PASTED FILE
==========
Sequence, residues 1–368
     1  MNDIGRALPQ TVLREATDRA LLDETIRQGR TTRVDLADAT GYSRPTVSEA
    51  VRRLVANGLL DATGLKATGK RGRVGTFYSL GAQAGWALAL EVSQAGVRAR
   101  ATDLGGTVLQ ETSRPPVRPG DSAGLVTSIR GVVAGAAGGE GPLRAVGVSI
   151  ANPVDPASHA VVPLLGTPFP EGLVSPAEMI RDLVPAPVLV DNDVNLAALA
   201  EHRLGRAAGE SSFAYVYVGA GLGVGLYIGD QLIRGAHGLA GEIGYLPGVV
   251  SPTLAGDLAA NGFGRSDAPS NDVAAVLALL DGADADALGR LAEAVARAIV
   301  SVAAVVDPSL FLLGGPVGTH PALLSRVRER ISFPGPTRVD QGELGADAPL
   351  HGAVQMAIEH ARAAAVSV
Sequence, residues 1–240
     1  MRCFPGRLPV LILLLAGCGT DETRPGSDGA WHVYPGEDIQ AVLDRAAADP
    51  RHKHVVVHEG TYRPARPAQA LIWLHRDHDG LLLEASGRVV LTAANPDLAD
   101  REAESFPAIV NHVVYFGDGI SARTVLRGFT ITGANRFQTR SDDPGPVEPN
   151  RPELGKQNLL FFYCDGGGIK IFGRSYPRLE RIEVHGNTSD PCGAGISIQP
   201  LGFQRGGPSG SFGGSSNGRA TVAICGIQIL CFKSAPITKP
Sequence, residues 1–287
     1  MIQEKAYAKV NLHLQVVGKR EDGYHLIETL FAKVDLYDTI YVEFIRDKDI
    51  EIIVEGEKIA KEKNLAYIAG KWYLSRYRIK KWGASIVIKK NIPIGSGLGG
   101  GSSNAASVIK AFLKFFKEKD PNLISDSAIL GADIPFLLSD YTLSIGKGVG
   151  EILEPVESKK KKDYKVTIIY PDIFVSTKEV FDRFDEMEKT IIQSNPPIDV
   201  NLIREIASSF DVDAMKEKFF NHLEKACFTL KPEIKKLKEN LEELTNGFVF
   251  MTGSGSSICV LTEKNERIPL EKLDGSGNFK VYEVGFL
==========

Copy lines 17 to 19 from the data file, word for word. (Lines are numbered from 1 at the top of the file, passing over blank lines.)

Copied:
     1  MIQEKAYAKV NLHLQVVGKR EDGYHLIETL FAKVDLYDTI YVEFIRDKDI
    51  EIIVEGEKIA KEKNLAYIAG KWYLSRYRIK KWGASIVIKK NIPIGSGLGG
   101  GSSNAASVIK AFLKFFKEKD PNLISDSAIL GADIPFLLSD YTLSIGKGVG